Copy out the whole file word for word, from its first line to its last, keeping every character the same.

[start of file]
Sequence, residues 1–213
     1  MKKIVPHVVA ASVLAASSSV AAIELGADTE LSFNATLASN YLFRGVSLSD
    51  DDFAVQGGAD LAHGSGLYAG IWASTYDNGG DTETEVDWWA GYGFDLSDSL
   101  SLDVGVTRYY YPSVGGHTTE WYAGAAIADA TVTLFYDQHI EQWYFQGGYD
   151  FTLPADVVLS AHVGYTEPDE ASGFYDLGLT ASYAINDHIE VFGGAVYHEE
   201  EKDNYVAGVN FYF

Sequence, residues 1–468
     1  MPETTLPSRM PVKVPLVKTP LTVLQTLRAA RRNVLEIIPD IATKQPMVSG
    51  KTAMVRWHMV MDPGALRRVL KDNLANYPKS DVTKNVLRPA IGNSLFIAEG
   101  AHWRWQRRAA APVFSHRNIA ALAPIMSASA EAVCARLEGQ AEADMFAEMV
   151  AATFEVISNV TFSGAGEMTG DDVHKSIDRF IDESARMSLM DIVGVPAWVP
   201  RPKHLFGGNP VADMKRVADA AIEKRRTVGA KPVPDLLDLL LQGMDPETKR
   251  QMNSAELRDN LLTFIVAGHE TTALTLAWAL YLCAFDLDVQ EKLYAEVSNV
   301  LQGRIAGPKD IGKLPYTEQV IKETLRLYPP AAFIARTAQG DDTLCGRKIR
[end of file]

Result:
Sequence, residues 1–213
     1  MKKIVPHVVA ASVLAASSSV AAIELGADTE LSFNATLASN YLFRGVSLSD
    51  DDFAVQGGAD LAHGSGLYAG IWASTYDNGG DTETEVDWWA GYGFDLSDSL
   101  SLDVGVTRYY YPSVGGHTTE WYAGAAIADA TVTLFYDQHI EQWYFQGGYD
   151  FTLPADVVLS AHVGYTEPDE ASGFYDLGLT ASYAINDHIE VFGGAVYHEE
   201  EKDNYVAGVN FYF

Sequence, residues 1–468
     1  MPETTLPSRM PVKVPLVKTP LTVLQTLRAA RRNVLEIIPD IATKQPMVSG
    51  KTAMVRWHMV MDPGALRRVL KDNLANYPKS DVTKNVLRPA IGNSLFIAEG
   101  AHWRWQRRAA APVFSHRNIA ALAPIMSASA EAVCARLEGQ AEADMFAEMV
   151  AATFEVISNV TFSGAGEMTG DDVHKSIDRF IDESARMSLM DIVGVPAWVP
   201  RPKHLFGGNP VADMKRVADA AIEKRRTVGA KPVPDLLDLL LQGMDPETKR
   251  QMNSAELRDN LLTFIVAGHE TTALTLAWAL YLCAFDLDVQ EKLYAEVSNV
   301  LQGRIAGPKD IGKLPYTEQV IKETLRLYPP AAFIARTAQG DDTLCGRKIR